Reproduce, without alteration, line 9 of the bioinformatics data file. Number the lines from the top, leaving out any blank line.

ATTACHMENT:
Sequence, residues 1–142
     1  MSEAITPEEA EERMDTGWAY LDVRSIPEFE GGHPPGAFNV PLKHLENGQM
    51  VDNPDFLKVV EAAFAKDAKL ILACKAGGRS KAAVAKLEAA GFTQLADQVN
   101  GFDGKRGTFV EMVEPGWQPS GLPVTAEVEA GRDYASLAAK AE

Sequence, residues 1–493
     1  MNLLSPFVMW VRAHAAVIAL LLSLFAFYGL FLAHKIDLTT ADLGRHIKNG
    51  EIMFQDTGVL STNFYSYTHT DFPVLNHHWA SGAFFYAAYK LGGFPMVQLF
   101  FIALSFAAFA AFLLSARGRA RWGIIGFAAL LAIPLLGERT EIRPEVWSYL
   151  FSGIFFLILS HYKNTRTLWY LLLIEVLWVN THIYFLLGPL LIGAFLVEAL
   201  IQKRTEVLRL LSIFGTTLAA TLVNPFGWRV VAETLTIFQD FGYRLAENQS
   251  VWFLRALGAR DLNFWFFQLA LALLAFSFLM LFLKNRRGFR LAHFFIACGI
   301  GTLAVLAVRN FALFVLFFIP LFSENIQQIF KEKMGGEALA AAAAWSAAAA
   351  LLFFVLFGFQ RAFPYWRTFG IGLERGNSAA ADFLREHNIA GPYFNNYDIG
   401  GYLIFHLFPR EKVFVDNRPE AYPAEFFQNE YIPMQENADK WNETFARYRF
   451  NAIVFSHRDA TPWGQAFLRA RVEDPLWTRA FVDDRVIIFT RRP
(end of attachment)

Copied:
   151  FSGIFFLILS HYKNTRTLWY LLLIEVLWVN THIYFLLGPL LIGAFLVEAL